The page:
Church of the Week: Gottesdienstblatt Jesuitenkirche, Mannheim, Germany

The lovely Robin and I visited this Jesuit Church in early November as part of our short but rewarding walking tour of Mannheim. It is said to be the largest church in Mannheim and the most important baroque church in southwest Germany. It is rich in elaborate Baroque furnishings, like the gates that form the central entrance to the portico (below).

Designed by Italian architect Alessandro Galli da Bibiena, it was built between 1733 and 1760 as the court church of Electors Karl Philipp and Karl Theodor.

The marble pilastered interior is in a late baroque style and early classical design. The high altar (below) depicts the Mission of St. Francis Xavier to India.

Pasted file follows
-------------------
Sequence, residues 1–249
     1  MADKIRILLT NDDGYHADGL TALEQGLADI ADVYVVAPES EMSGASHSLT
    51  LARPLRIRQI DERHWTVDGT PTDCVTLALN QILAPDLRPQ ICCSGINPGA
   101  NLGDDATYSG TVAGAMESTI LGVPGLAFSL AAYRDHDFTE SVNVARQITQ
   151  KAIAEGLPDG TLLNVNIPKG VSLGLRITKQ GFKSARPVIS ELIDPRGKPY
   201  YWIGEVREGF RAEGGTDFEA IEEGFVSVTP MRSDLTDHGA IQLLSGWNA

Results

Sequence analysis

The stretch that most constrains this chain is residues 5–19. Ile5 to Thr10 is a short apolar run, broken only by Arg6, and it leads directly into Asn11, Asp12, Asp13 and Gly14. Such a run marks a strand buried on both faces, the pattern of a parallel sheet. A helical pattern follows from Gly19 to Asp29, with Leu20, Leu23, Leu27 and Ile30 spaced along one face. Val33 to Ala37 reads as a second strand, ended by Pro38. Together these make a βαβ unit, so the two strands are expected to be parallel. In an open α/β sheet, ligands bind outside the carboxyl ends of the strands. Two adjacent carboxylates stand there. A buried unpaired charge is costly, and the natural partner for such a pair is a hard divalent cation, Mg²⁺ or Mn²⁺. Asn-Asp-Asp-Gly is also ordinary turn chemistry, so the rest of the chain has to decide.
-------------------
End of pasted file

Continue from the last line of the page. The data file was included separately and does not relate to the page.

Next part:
During the Second World War, the church suffered severe damage from British and American air attacks, especially the choir and the dome. After the war it was decided to rebuild the church in its historical style with the use of original parts in the reconstruction of the altar and the electoral pews.

Everywhere you turn in the church, there are amazing sights to see, from the pulpit (above), created in 1753 and brought here from the Carmelite convent in Heidelberg after World War II, to the organ case (below), built according to a design of the elector’s court sculptor Paul Egell. It survived the bombing and the small damage it suffered was repaired in 1952.

The confessionals (above) were also reconstructed after the war.

We brought home a recent bulletin from the church, which can supposedly accommodate three thousand worshipers, but unfortunately we can't read it since it's printed in German. But there is no doubt that it is the most beautiful Baroque church we've ever visited.

No comments:

Post a Comment